Book Review | Sahodaran Ayappan: Towards A Democratic Future | Chandramohan Sathyanathan


THE RADICAL SPEAKS: Documenting Sahodaran Ayyappan

This intellectual biography of Sahodaran Ayyappan by Dr. Ajay S. Sekhar* is a much needed attempt at documenting the most radical strand of social renaissance the state of Kerala had witnessed in the late 19th century and the first half of 20th century. This is even more pronounced at this point in time when we are at the crossroads of history; with the saffron fascists and other regressive forces on a mission to reset the rights won by the subaltern sections of the society after centuries of struggle.  A major distinction between renaissance movements in Kerala and other parts of India is that the most pronounced voices of radical social reform have come from within the Dalit-Bahujan communities in the southern state. Thus a process to restructure the society based on notions of egalitarianism and democracy was initiated by a bunch of visionaries – Ayyappan being the tallest in terms of his philosophical foresight.
I believe that just like the militant strand of social renaissance that Ayyappan epitomizes, this book hasn’t received the due attention  of Dalit-Bahujan thinkers.
Before studying history, one should  study the historian. If we were to briefly survey Dr. Ajay S. Sekhar ‘s writings, we will find that they have pioneered the revival of cultural Buddhism through cultural excavations of various customs of erstwhile Buddhism. His work has provided new insights into various specificities of Buddhist culture before the advent of Brahminism in 8th or 9th century AD.

Sanskritization of Ezhavas
The community that Ayyapan hailed from is now being rapidly Brahminised. Ezhavas,  a former untouchable caste who are today politically and economically powerful but continue to be socially backward were the torch bearers of social renaissance in Kerala. They also happened to be the  most loyal followers of the left forces. Relative accumulation of economic resources over a period of time has resulted in their being Sanskritized. This regressive step has reinforced social hierarchy based on graded inequality and blunts the resistance now being spearheaded by Ambedkarite Dalits. A closer scrutiny of Ayyappan could result in the revival of a glorious tradition of resistance against this ubiquitously permeating Brahmanism within a community that can also boast of other radicals like Arattupuzha Velayudha Panicker.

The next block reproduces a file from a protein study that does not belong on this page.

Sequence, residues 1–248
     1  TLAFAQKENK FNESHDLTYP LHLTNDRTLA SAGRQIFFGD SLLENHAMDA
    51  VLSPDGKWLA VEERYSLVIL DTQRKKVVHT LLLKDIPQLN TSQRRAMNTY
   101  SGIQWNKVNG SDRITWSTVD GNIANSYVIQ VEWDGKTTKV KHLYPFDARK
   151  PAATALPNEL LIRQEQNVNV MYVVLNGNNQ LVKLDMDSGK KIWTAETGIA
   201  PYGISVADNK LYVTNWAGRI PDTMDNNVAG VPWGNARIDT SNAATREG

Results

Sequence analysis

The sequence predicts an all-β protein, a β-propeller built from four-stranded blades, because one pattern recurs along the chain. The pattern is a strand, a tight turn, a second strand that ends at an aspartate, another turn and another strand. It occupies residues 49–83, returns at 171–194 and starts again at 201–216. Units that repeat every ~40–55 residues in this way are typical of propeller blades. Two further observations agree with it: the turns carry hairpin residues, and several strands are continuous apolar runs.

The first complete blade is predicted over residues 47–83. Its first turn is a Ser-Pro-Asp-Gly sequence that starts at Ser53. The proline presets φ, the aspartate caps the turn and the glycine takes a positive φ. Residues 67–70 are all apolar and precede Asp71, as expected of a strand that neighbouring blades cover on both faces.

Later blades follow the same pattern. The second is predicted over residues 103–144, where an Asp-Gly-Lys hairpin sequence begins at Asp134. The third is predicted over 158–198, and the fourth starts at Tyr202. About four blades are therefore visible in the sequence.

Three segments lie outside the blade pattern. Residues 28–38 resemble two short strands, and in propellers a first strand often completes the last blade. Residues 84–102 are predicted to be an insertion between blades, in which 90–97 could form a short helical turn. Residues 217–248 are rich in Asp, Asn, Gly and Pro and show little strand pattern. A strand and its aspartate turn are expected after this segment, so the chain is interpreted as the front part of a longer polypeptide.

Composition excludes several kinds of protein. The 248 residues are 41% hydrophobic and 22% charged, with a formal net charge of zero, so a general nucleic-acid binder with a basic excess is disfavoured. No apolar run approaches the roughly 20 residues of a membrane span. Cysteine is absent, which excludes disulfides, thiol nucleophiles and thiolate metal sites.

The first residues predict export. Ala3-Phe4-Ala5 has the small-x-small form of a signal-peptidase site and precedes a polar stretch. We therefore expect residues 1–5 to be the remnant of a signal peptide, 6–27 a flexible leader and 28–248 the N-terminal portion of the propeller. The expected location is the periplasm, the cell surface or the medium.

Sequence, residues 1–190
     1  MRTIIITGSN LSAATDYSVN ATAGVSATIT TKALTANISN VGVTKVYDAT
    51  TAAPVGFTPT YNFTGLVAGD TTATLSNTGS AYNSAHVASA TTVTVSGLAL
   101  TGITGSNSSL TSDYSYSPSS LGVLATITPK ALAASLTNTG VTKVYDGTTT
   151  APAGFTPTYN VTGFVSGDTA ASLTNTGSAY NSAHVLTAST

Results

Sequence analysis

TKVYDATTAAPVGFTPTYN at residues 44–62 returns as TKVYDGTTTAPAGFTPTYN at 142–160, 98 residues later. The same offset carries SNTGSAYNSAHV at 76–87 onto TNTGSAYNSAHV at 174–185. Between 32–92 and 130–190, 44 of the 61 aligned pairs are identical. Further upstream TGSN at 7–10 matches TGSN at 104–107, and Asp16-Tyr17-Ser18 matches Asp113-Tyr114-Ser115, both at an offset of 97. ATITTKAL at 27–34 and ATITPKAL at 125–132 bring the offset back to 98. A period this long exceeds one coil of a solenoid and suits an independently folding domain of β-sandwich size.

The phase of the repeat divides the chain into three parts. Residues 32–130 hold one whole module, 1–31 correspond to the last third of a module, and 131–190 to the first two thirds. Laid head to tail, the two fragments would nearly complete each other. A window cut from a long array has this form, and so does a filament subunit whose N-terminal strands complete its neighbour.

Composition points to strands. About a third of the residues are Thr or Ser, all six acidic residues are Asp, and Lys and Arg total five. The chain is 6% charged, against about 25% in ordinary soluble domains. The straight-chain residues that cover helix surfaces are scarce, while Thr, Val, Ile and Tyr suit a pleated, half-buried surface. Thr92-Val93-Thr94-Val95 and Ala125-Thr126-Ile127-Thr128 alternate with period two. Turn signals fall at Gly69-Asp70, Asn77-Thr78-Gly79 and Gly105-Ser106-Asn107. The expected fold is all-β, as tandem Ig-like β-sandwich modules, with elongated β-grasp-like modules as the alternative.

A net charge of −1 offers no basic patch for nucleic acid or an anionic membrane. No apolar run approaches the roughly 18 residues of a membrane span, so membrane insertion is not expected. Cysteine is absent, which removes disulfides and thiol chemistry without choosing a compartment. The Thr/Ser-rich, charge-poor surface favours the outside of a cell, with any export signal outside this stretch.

The author steers clear of deification at every step of his impeccable research into a personality like Ayyappan who was a visionary decades ahead of his time.  The biographer unravels how Ayyappan had preceded the Marxist thinker Gramsci in many aspects of cultural criticism.  The observations made by the author can help students of cultural criticism develop newer insights concerning issues that were tackled by both Ayyappan and other 20th century critics (like Gramsci).

A New Manifesto for Ambedkarites
Another exemplary feature of this book is that it can help contemporary Ambedkarite activists draft a manifesto for the process of building an Ambedkarite public. Many of Ayyappan’s actions and writings like calling for widespread propagation of Buddhism, eulogizing non- Brahminical aesthetics and mythical characters, his critique of Gandhi - and some of his verses with profound political insights  - are invigorating for activists immersed in a quest for social justice.

The later part of this book contains translations of Mr. Ayyappan’s poems which are very much suited to his radical reformist mission. His poetics is one consisting of a charged political idiom, and a complete disregard to the conventional aesthetics of poetry where content and slogans reign supreme (superior even to the form.) In my opinion, this book should be on the library shelves of cultural theorists/critics along with intellectual biographies of Ambedkar(Christopher Jeffrelot, Elinor Zealot), a biography of Kanshi Ram (by Badri Narayan) and various texts by Ambedkar and others.

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